I’ve had the LP set for some time, but I was trying to track down a copy of the CD for the last few years. I finally found a reasonably priced copy, and the sound was awful. It’s one of the worst mastering jobs I’ve ever heard. They didn’t go back to the original masters, but clearly just copied the LP, and didn’t even do a very good job of that. The copy I made off my LP sounded much better. So that’s what we have here. Be sure to at least check out “Housewives’ Choice” and “The Great Wuga Wuga”. Also Jimmy Cliff when he was just 14!

  1. Laurel Aitken and the Carib Beats – Bartender [1961]
  2. Derrick Morgan – Fat Man [1961]
  3. Eric “Humpty Dumpty” Morris and the Drumbago All Stars – Humpty Dumpty [1961]
  4. Jimmy Cliff – Miss Jamaica [1962]
  5. Derrick and Patsy – Housewives’ Choice [1962]
  6. Jackie Edwards – Tell Me Darling [1963]
  7. Kentrick Patrick – Don’t Stay Out Too Late [1963]
  8. The Stranger and The Duke Reid Band – Rough and Tough [1963]
  9. Kentrick Patrick – Man to Man [1963]
  10. Stranger Cole – Unos-Dos-Tres [1964]
  11. The Skatalites – Confucius [1966]
  12. The Mellow Larks – Time to Pray (Alleluia) [1961]
  13. The Blues Busters – Soon You’ll Be Gone [1965]
  14. Lord Tanamo – I’m in the Mood for Ska [1965]
  15. The Riots – Yeah Yeah [1965]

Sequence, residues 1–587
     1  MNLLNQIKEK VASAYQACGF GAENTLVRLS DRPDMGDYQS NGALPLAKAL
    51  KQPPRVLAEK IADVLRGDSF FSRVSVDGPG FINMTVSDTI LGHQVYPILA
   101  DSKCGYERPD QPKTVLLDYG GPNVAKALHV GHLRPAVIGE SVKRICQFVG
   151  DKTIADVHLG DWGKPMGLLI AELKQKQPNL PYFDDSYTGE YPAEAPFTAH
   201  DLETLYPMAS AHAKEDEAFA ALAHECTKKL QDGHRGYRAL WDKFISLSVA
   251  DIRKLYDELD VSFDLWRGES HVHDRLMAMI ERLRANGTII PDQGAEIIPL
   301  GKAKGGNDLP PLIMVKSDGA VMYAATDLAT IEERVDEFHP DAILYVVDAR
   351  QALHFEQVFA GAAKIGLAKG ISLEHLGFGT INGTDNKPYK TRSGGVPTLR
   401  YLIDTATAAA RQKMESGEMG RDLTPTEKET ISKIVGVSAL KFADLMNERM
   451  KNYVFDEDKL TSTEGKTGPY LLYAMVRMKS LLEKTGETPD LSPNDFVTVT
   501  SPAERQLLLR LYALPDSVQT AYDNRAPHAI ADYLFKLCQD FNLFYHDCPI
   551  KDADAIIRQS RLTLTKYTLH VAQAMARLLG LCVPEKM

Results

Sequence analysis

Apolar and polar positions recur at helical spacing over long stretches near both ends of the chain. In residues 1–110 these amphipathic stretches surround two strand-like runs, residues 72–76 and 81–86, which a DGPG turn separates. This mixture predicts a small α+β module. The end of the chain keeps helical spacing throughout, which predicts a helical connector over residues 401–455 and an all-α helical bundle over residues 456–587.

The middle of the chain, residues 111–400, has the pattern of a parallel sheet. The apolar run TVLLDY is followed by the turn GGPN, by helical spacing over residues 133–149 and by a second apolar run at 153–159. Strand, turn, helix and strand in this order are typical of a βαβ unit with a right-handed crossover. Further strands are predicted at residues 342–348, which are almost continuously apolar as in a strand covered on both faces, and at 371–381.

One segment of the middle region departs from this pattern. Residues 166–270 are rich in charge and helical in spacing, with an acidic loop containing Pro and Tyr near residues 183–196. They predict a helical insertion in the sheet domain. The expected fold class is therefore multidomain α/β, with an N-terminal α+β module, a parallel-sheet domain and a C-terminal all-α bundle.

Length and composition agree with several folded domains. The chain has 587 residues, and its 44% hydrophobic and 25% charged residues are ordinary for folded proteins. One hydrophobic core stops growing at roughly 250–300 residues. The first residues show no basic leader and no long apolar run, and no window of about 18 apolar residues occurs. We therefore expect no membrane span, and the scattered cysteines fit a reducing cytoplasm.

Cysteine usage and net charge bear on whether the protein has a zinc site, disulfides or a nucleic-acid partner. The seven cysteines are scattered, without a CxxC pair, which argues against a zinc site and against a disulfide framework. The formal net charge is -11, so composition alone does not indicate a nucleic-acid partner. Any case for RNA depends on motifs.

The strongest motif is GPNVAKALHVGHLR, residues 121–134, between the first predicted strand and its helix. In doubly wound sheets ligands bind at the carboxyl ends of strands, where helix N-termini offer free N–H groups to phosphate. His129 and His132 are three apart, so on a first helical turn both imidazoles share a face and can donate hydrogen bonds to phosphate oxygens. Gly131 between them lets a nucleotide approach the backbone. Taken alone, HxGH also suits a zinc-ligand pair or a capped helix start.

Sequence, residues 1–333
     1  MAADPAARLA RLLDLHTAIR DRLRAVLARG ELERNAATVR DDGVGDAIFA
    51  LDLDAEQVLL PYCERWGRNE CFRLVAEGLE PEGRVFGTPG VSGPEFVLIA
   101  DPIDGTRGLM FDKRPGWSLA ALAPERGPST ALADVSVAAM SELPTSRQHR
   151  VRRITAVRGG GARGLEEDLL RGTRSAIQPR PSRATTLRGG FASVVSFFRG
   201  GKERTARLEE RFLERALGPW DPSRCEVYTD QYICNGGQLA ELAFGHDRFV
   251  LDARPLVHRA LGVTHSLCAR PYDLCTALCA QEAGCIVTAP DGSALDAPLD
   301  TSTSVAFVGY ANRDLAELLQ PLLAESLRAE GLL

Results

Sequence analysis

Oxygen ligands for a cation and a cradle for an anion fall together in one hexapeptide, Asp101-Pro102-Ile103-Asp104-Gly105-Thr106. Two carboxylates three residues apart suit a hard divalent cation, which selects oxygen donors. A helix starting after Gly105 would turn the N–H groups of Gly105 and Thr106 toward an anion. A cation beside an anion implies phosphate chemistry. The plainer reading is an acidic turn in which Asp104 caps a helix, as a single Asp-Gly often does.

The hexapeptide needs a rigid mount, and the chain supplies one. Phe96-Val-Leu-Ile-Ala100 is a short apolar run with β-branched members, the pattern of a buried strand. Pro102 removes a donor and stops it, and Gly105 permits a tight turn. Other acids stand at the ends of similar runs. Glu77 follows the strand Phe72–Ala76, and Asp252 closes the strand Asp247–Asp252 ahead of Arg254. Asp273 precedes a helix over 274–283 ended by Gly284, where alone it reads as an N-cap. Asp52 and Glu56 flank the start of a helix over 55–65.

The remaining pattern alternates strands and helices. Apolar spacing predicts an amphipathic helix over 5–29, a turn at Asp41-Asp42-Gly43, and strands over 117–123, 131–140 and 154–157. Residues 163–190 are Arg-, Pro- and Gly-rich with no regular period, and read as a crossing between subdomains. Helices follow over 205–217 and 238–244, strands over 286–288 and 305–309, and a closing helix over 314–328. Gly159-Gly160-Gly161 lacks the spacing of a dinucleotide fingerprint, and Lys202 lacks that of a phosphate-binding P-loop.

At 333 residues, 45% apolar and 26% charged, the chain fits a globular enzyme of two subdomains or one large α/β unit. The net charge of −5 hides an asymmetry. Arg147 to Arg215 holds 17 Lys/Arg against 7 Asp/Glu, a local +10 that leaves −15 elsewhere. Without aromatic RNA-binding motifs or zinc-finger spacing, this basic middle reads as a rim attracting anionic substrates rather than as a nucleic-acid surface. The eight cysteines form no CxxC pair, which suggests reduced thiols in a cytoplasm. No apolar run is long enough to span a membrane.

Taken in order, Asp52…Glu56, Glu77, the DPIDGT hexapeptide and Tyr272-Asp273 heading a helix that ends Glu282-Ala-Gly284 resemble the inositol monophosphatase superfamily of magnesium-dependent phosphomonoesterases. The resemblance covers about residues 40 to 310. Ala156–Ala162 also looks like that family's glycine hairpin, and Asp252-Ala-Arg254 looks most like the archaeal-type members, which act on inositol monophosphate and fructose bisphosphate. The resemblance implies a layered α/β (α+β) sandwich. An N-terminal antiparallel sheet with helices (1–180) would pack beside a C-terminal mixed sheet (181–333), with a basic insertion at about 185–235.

16. Don Drummond – Man in the Street [1965]
  17. Baba Brooks and His Band – One-Eyed Giant [1967]
  18. Honeyboy Martin and the Voices with Tommy McCook and the Supersonics – Dreader Than Dread [1967]
  19. Owen Gray – Darling Patricia [1962]
  20. Joe White and Chuck with the Baba Brooks Band – Every Night [1966]
  21. The Astronauts – Syncopate [1966]
  22. The Clarendonians – Rules of Life [1966]
  23. Slim Smith – The New Boss [1966]
  24. Winston and George – Keep the Pressure On [1966]
  25. Roy Shirley – Musical Train [1967]
  26. The Techniques – Oh Babe [1966]
  27. Sir Lord Comic – The Great Wuga Wuga [1967]
  28. Dandy – Rudy, a Message to You [1967]
  29. The Ethiopians – Train to Skaville [1967]
  30. The Three Tops – It’s Raining [1966]
  31. The Ethiopians – The Whip [1967]
  32. Desmond Dekker and the Aces – Pretty Africa [1967]
  33. Alton Ellis – Rock Steady [1966]
  34. Baba Brooks and His Band – King Size [1966]
  35. Evan & Jerry with The Carib Beats – Rock Steady Train [1967]
  36. Sugar Simone – King Without a Throne [1967]
  37. Phyllis Dillon with Tommy McCook and The Supersonics – Perfidia [1967]
  38. Derrick Morgan – Do the Beng Beng [1968]
  39. Lynn Taitt – Way of Life [1968]
  40. The Tennors – I’ve Got to Get You Off My Mind [1968]
  41. Lee “King” Perry – People Funny Boy [1968]
  42. The Supersonics – Second Fiddle [1968]
  43. The Maytals – Do the Reggay [1968]
  44. The Slickers – Nana [1968]
  45. The Pioneers – Mama Look [1969]
  46. The Maytals – Pressure Drop [1970]
  47. The Maytones – Black and White [1971]
  48. The Charmers – Rasta Never Fails [1971]